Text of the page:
“If someone offers you an amazing opportunity but you are not sure you can do it, say yes—then learn how to do it later.” –Richard Branson
Truth be told, I don’t recall a single life-changing worksheet I ever received, I struggle to remember any riveting multiple-choice tests, and most memories of collaboration can be reasoned out to be nothing more than social time framed around mediocre assignments. However, I do vividly recollect three highly creative opportunities from my educational years.
#1. My high school Biology teacher, who was an amazingly disciplined and efficient educator, assigned the quintessential frog dissection and skeletal display. The assignment was seemingly normal on the surface, but it offered a creative opportunity: a student could exhibit his frog’s skeletal structure in any unique manner as long as it was labeled and classroom-appropriate.
I turned in a display of a bleached white skeleton that was adorned with tiny red, black, and white Classic Air Jordans and a mini-basketball clutched in its right hand. Apparently, the energetic and stylistic amphibian felt a little jumpy and majestically leapt from a free-throw line in flight for a hammering dunk. After all, it was 1989, and I guess all species wanted to be like Mike.
#2. Perhaps one of the most energetic men I ever knew, my 10th grade World History teacher allowed us to form our own teams and determine how we would demonstrate knowledge of the assigned subject matter. He gave us ample time and hardly no rules. Ahhh, freedom.
A team of five spirited classmates used a then modern Panasonic Camcorder, which now would resemble a small car atop someone’s shoulder, to tape a talk show replete with two commercials. To this day, I can still conjure up all sensory details when I think back to the night we actually recorded the talk show at my friend’s house. And how did the class react to our video presentation? Well, it wasn’t The Tonight Show with Jimmy Fallon, but it was pretty darn cool. Education, and a lot of laughter, filled the air that day.
#3. Possibly to see if her students actually understood a particular genre of literature, one of my college English professors provided an opportunity to write a short story that was rich in all things Southern.
I turned in a rather lengthy short story that somehow merged one of my all-time greatest loves, baseball, with a previously unknown love… creative writing. Like belting a hanging curveball over the left field wall, I knocked the assignment out of the park and found myself at home with writing.
I am forever grateful to these teachers for all they instilled in me, and these creative opportunities now constitute the very heart of one of my favorite projects offered to students in Studio 113: The Crucible Passion-Based Contract.
Kory had never written and performed his own song. Ever.
“The Crucible Song,” written by Kory H., was performed live in front of his peers AND in front of the whole world via Periscope and Twitter. Be sure to see the end and the concert-like atmosphere.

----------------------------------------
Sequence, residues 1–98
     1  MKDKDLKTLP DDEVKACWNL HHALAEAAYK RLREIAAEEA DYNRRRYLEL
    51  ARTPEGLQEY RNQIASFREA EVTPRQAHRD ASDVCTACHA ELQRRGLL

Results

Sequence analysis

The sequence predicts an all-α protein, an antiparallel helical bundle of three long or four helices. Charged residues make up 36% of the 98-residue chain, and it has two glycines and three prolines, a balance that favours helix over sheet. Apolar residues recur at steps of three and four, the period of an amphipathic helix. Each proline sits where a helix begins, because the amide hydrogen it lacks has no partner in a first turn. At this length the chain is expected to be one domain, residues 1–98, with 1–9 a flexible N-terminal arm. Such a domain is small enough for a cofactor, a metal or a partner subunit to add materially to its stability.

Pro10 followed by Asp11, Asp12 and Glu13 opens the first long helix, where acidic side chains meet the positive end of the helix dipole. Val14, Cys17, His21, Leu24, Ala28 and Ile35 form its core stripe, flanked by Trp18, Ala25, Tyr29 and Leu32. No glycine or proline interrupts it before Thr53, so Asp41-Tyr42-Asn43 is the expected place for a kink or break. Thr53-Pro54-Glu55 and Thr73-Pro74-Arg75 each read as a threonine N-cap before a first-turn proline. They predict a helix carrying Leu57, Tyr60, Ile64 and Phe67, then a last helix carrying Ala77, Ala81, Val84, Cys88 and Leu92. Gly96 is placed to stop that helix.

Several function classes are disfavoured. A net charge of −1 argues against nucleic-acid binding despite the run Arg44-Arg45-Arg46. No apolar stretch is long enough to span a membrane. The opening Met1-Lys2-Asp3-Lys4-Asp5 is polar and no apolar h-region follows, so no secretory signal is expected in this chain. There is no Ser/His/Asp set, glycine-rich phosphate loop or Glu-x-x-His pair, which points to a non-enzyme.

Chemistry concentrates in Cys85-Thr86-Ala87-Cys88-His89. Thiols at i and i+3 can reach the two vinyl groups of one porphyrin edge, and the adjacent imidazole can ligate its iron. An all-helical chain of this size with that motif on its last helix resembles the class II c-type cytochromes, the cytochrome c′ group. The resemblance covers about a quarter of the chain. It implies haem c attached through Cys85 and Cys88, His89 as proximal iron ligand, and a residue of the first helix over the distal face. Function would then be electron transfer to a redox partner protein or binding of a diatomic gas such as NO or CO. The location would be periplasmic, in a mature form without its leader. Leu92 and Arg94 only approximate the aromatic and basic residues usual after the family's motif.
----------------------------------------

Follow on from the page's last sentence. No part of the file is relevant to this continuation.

“The Dr. Dhil Show”
In order to write their own script and perform a live talk show, this team of eight students pleaded for permission to exceed the contract’s stipulation of only three students per team.
Twenty-plus minutes of “The Dr. Dhil Show,” which featured musical entrances and three commercials. Oh, yeah. Don’t forget that it was broadcast live. In fact, two separate classes and one performer’s parent watched the talk show live on Periscope via Twitter.
An Artistic Survey Book
Jasmin wanted to experience forgiveness, one of the many lessons from Arthur Miller’s The Crucible.
A survey book that artistically displays responses from various people about the topic of forgiveness. Even after almost twenty years of witnessing amazing projects and presentations, this creation is one of the most thoughtful and inspiring projects I have ever seen.
These three students wanted to merge their love of astronomy and drawing with characters from The Crucible, but they had never even heard of video editing.
Ten-minutes of dry-erase animation that ensued from a camera mounted to a ceiling with bungee cords and a first-attempt at video editing with Movie Maker Live. Wow! Talk about tackling a bunch of firsts in one project!
A New Soundtrack
This student wanted to merge his knowledge of The Crucible themes with his passion for great music lyrics.
A very articulate presentation of five news songs for The Crucible. Also broadcast live on Periscope via Twitter, this presentation even impressed an English teacher from many states away. Something this happy student definitely appreciated.
Creating and analyzing art is a passion for Raven.
A drawing whose beauty is exceeded only by its depth of analysis.
A Grateful Educator
— John Hardison (@JohnHardison1) October 29, 2015
The students answered.
The opportunity for me to witness talented students engaged in learning by connecting their interests and passions to literature.
And I am forever grateful for that opportunity.
For more blogs by John Hardison, check out:
- Education Through Students’ Eyes: A Dry-Erase Animated Video
- The Front Porch: A Rockin’ Interactive Structure
- A Teacher’s Soundtrack and the #EdSongs Challenge
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